Is There a Time and Place in Your Story?

Setting: Week 6 of Re-visioning Your Story There’s a time and place for . . . time and place in your story. When and where your story takes place gives the reader a reference point, or as Dwight V. Swain calls it, ” a standard for your reader.” Getting the time and place right is like the difference between Sleeping Beauty’s castle and Windsor castle. When revising your manuscript, you’ll want to be certain to read through at least once while focusing on how you reveal the story’s setting. Perhaps you think you don’t need to because “my story takes place in the real world, in a real city, in a real home/office/park.” Whether your story’s world is based in reality or made-up purely from your imagination, your choice of details revealed and withheld in your manuscript can support or destroy your reader’s suspension of disbelief. (And I’m assuming you want to do everything you can to support your reader in this regard.) Setting is a huge topic. In Thanks, But This Isn’t for Us, Jessica Page Morrell calls setting details “a literary Leatherman.” And she gives a long list of things from politics to technology and everything in between […]

As the Plot Turns

Pantser or Planner it makes no difference when you are knee deep in re-visioning your story. The first draft is to get the story down on paper. How you choose to write the story MAKES NO DIFFERENCE. It’s the second draft, the revision, that matters. This is where you take that diamond in the rough and cut away everything that gets in the way of your reader seeing the shining gem inside. In the final analysis, for your story has to have some kind of structure, some thread of a plot, that will keep your reader engaged. Lesson 5: Re-Visioning Your Story More than Just a Beginning, Middle, and End First, let’s agree upon a definition of plot. Wait a minute, you say, everyone knows a plot is: a Beginning, a Middle and an End. Some of you may think you’ll outwit me by quoting a dictionary, such as The American Heritage Dictionary, which says the plot is “the plan of events or main story in a narrative or drama.” I’d argue that plot is more than that. To paraphrase and meld together definitions by Dwight V. Swain, Donald Maass, and Jessica Page Morrell: plot is a series of scenes […]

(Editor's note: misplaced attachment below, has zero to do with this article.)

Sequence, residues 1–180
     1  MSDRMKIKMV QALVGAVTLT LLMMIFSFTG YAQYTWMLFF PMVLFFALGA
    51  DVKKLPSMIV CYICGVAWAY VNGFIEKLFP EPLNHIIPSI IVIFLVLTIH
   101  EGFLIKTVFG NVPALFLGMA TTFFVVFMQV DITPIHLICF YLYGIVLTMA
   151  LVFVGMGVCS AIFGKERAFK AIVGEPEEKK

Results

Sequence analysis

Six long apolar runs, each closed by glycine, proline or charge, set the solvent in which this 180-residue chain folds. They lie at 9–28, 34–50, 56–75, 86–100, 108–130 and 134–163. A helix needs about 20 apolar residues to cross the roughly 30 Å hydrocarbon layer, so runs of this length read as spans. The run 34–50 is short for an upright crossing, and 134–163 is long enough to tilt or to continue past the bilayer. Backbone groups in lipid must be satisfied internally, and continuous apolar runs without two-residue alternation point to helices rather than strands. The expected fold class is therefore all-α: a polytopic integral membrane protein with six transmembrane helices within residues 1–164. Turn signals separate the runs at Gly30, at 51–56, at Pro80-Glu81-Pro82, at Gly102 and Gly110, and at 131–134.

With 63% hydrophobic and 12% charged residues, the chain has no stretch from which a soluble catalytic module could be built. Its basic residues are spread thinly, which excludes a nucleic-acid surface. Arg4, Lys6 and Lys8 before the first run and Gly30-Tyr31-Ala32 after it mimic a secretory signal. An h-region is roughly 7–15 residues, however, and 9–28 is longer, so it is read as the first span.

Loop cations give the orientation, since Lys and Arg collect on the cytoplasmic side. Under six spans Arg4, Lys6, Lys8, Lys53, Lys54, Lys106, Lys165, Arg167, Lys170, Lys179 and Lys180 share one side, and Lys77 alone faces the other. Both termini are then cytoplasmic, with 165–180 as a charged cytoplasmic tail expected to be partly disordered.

Do Your Characters Play Well With Others?

Lesson 4: Re-Visioning Your Story While writing the first draft you can allow your characters to ‘’take over’ your story, but not so in revision. During revision you may find that your characters react more than act, are less than focused on their goals, or simply aren’t a good fit for your story. In that case you have some characters that need re-visioning. Every character in your story must be there for a purpose. A story is not like life where you meet random people that appear and disappear without disturbing your world. Every character should serve your story by doing the work of the story. Even in a heavily plot-driven story, your characters must be in the driver’s seat. So how do you make certain your characters are taking charge? With more analysis of your story, of course. Before you read your story this time, you’re going to make a table or an excel spreadsheet. Across the top there should be columns for number, character name, role, traits, relationships, and physical attributes. Number the rows of your table so that you will have a total count of characters when you’ve finished. A Rose By Any Other Name Sorry Shakespeare, […]